One concern that people have raised is the potential upside risks to inflation. I am less worried about that than some other members of the FOMC for the following reasons. Very importantly, inflation expectations seem very solidly grounded. We have had no indication of any deterioration in terms of inflation expectations, despite our previous easing moves and the very high increases in energy prices. Second, when I think about what drives inflation and what are the dynamics of the inflation process, what is important are expectations not only with respect to inflation but also with respect to the future path of output gaps. In particular, I do not see at this juncture that people are worried that we are going to allow the economy to get overheated. In fact, it is the opposite right now. We are more worried about the downside risks, where there will be increased economic slack in the economy, and of course, that is consistent with the forecast coming from the Board staff. So when I think about the inflation process, I think in terms of underlying inflation, which is inflation not over the next year but over the longer run, which is appropriate for monetary policy and when we can have an effect. I do not see that the upside risk is huge there; in fact, this is very important in terms of allowing us to be aggressive in this situation of financial disruption.

One issue that I think is very important, which other participants here have raised, is that there is a fear that we might overshoot if we ease aggressively. In fact, two things could indicate that we may have gone too far. One is that we frequently see financial disruptions dissipate very quickly. That is what I hope happens, so it is not something that I would be depressed about. I would be very pleased about it because, if things start going the right way, just as you can get an adverse or a negative feedback loop when these financial disruptions occur, you can actually get a virtuous feedback loop, and that can happen fairly quickly. If that occurs, we should be very ready to take away some of the insurance that we have provided by aggressive easing. The second is, of course, inflation expectations. If aggressive easing led to the unhinging of inflation expectations, that would be a terrible thing. The most important thing that I think we do is to ground inflation expectations; it is a key part of our success and of central banks throughout the world in recent years. So I think we have to monitor very carefully what is happening to inflation expectations. If our easing looks as though it’s causing a problem in terms of inflation expectations, then we have to act accordingly.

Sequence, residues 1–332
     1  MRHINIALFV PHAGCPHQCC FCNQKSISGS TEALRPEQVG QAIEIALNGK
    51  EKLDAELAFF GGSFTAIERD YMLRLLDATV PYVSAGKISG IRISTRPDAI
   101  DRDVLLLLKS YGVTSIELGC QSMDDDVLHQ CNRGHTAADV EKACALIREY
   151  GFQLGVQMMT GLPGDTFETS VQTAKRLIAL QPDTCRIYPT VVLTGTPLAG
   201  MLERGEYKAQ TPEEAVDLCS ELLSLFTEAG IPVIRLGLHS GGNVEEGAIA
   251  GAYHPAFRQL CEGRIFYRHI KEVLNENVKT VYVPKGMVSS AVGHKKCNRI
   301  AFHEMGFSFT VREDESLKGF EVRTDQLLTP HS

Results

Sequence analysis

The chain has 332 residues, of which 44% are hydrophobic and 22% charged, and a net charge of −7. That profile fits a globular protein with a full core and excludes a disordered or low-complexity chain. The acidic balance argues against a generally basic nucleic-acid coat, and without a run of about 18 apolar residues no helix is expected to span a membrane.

I would argue that the way we have to think about policy is that we need to think about it being less inertial but maybe more systematic. When we talk about risk management, I think in the past there was some element of thinking that risk management was just discretion. We have to think about risk management in terms of being more systematic and to think about how we might react to changes in conditions so that we would not be inertial. By so doing and indicating to the market that we were thinking that way, we could alleviate some of these fears.

So the bottom line is that I think that we have to be ahead of the curve. I am actually very sympathetic to President Evans’s view that we are going to have to move more than 50 basis points, certainly, over a longer period than just the next meeting. I also think that we have to think about that hard and about doing this in a systematic way and prepare the markets to understand why we are reacting the way we are, so that we are not seen as being discretionary but as operating very much consistently with our dual mandate. Thank you.